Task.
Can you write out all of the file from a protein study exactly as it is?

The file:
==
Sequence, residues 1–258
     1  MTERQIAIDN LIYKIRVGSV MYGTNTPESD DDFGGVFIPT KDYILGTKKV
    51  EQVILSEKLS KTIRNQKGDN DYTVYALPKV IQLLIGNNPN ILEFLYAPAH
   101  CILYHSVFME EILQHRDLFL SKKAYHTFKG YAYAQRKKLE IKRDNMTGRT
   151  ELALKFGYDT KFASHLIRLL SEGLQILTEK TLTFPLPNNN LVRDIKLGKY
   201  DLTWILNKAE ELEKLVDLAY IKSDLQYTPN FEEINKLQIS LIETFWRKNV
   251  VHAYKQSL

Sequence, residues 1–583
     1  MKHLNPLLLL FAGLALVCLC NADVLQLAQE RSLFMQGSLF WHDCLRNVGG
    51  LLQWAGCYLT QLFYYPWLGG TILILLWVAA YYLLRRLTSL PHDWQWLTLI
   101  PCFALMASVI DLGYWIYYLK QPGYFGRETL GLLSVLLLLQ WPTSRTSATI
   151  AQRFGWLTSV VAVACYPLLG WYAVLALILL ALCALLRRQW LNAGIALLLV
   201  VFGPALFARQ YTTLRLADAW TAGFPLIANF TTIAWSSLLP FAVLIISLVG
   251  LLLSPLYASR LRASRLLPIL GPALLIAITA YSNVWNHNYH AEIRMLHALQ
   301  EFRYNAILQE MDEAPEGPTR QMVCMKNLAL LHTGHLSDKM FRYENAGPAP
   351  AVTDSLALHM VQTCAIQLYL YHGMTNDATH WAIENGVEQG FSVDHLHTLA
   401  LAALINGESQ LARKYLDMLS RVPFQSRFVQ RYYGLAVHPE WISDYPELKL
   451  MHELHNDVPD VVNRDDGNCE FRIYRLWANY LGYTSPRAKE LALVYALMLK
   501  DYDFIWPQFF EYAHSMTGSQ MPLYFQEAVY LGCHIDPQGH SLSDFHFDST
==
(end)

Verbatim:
Sequence, residues 1–258
     1  MTERQIAIDN LIYKIRVGSV MYGTNTPESD DDFGGVFIPT KDYILGTKKV
    51  EQVILSEKLS KTIRNQKGDN DYTVYALPKV IQLLIGNNPN ILEFLYAPAH
   101  CILYHSVFME EILQHRDLFL SKKAYHTFKG YAYAQRKKLE IKRDNMTGRT
   151  ELALKFGYDT KFASHLIRLL SEGLQILTEK TLTFPLPNNN LVRDIKLGKY
   201  DLTWILNKAE ELEKLVDLAY IKSDLQYTPN FEEINKLQIS LIETFWRKNV
   251  VHAYKQSL

Sequence, residues 1–583
     1  MKHLNPLLLL FAGLALVCLC NADVLQLAQE RSLFMQGSLF WHDCLRNVGG
    51  LLQWAGCYLT QLFYYPWLGG TILILLWVAA YYLLRRLTSL PHDWQWLTLI
   101  PCFALMASVI DLGYWIYYLK QPGYFGRETL GLLSVLLLLQ WPTSRTSATI
   151  AQRFGWLTSV VAVACYPLLG WYAVLALILL ALCALLRRQW LNAGIALLLV
   201  VFGPALFARQ YTTLRLADAW TAGFPLIANF TTIAWSSLLP FAVLIISLVG
   251  LLLSPLYASR LRASRLLPIL GPALLIAITA YSNVWNHNYH AEIRMLHALQ
   301  EFRYNAILQE MDEAPEGPTR QMVCMKNLAL LHTGHLSDKM FRYENAGPAP
   351  AVTDSLALHM VQTCAIQLYL YHGMTNDATH WAIENGVEQG FSVDHLHTLA
   401  LAALINGESQ LARKYLDMLS RVPFQSRFVQ RYYGLAVHPE WISDYPELKL
   451  MHELHNDVPD VVNRDDGNCE FRIYRLWANY LGYTSPRAKE LALVYALMLK
   501  DYDFIWPQFF EYAHSMTGSQ MPLYFQEAVY LGCHIDPQGH SLSDFHFDST